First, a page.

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I have these 2 hashes below. First one is a template, second one is the users settings.

I need to be able to create a loop that goes over the second hash and if it finds a difference (a value exists in the first one but not the second) then it needs to do something with that key & value (lets just say print it)

 $VAR1 = {
      'Hotkeys' => [
                     'key',
                     'keyCR',
                     'keyHighlight',
                     'updated'
                   ],
      'Actions' => [
                     'action',
                     'actionCR',
                     'actionHighlight'
                   ],
      'Settings' => [
                      'chbAcronym',
                      'chbCompleted'
                    ],
      'NewSetting' => [
                        'NewValue'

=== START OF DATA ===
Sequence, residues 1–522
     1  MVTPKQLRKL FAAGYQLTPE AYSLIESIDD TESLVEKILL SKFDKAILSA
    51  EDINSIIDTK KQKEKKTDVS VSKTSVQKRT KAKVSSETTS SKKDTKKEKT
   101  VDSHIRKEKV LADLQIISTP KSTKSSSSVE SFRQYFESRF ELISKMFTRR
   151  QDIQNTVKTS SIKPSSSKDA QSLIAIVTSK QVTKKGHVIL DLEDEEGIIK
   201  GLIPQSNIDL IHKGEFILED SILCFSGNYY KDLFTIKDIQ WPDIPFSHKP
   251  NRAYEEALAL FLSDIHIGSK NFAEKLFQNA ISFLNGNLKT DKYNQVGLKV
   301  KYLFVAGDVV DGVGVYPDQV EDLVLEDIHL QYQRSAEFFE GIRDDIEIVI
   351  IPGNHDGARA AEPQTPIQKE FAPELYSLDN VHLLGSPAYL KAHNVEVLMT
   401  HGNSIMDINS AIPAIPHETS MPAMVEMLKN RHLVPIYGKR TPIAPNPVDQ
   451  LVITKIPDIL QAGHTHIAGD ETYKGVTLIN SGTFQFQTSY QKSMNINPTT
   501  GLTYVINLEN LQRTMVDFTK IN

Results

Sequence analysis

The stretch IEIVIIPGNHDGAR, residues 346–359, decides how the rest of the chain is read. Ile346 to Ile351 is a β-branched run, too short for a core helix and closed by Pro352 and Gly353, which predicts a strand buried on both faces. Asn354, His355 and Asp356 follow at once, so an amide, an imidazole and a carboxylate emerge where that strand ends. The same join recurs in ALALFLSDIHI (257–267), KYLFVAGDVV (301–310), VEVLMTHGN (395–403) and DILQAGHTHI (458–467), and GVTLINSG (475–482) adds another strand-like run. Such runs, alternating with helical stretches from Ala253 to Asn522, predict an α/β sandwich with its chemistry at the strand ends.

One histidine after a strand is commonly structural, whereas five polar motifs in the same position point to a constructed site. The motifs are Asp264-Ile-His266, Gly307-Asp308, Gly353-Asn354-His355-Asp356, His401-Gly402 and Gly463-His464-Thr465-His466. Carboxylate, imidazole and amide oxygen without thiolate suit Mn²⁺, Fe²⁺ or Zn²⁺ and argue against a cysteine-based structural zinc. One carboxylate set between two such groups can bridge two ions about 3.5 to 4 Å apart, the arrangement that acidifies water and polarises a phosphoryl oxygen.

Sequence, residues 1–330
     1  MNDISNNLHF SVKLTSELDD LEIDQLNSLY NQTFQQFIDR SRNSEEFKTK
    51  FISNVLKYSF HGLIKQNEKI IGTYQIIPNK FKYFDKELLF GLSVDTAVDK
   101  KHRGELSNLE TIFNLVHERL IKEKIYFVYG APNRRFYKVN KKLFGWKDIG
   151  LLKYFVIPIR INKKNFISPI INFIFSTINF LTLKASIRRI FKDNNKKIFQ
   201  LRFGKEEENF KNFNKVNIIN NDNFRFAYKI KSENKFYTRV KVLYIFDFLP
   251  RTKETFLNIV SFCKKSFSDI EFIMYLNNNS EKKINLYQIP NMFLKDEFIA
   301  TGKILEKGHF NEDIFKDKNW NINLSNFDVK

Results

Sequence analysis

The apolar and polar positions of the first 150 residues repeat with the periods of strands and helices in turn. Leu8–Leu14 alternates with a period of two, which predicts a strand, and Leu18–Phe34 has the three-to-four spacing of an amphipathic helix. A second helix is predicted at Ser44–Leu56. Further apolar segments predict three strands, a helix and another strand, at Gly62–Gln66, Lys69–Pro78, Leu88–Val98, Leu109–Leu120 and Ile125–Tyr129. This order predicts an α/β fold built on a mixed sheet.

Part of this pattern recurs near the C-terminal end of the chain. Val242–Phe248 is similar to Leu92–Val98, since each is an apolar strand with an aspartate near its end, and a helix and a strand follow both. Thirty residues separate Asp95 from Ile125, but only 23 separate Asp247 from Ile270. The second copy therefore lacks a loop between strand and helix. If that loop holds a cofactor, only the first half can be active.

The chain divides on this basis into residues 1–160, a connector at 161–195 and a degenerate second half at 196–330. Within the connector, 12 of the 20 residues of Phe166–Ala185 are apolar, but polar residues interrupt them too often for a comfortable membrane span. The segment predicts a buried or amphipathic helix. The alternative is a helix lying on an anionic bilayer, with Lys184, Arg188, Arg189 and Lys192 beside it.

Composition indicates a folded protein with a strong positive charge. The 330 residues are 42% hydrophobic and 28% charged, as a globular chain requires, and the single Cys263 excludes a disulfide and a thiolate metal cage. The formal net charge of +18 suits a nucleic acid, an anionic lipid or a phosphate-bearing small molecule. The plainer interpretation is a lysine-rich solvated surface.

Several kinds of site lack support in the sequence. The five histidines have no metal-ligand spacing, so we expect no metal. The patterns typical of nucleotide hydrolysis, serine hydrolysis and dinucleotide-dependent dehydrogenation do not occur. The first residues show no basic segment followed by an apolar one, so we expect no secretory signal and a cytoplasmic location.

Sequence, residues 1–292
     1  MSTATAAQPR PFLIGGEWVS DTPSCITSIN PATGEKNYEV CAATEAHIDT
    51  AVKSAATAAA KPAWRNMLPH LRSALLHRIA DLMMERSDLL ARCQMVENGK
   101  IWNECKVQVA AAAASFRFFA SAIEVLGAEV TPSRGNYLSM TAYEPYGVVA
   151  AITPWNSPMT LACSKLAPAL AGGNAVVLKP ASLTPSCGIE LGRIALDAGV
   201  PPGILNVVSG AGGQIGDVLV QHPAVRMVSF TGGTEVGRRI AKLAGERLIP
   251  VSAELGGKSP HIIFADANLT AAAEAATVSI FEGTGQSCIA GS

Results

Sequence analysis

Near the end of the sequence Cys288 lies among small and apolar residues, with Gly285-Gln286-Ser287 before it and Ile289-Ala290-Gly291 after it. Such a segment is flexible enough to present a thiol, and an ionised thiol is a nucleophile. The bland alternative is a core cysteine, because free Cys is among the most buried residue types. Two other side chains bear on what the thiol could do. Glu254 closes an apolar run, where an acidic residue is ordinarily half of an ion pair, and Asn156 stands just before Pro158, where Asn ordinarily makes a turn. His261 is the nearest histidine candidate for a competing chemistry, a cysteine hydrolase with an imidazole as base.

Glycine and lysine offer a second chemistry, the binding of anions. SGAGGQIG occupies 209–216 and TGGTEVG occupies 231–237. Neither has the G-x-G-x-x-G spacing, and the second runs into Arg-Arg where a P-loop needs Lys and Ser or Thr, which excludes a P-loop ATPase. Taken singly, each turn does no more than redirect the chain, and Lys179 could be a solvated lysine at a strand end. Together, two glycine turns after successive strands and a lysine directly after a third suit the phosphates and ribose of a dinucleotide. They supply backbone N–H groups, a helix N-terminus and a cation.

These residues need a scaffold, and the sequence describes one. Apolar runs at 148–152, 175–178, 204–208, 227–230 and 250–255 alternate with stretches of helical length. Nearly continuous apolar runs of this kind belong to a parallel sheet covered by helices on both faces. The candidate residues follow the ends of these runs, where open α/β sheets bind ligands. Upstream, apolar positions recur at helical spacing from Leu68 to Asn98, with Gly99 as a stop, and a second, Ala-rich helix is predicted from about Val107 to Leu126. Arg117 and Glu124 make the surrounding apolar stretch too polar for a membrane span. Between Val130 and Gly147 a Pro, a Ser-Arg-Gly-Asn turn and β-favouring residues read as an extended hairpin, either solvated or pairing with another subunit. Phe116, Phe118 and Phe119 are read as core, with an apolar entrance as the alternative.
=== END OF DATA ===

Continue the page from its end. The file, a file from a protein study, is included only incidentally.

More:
]
    };

$VAR1 = {
      'Hotkeys' => [
                     'key',
                     'keyCR',
                     'keyHighlight'
                   ],
      'Actions' => [
                     'action',
                     'actionCR',
                     'actionHighlight'
                   ],
      'Settings' => [
                      'chbAcronym',
                      'chbCompleted'
                    ]
    };
share|improve this question
2  
The CPAN has Hash::Diff if you are interested in that too. – squiguy Nov 7 '13 at 18:31
    
I just tried it but this didnt return anything %c = %{ diff( \%settingsTemplate, \%settingsCurrent ) }; print Dumper(%c); – SBB Nov 7 '13 at 18:39
    
Might you need to pass Dumper a reference to %c? (print Dumper \%c;) – squiguy Nov 7 '13 at 18:41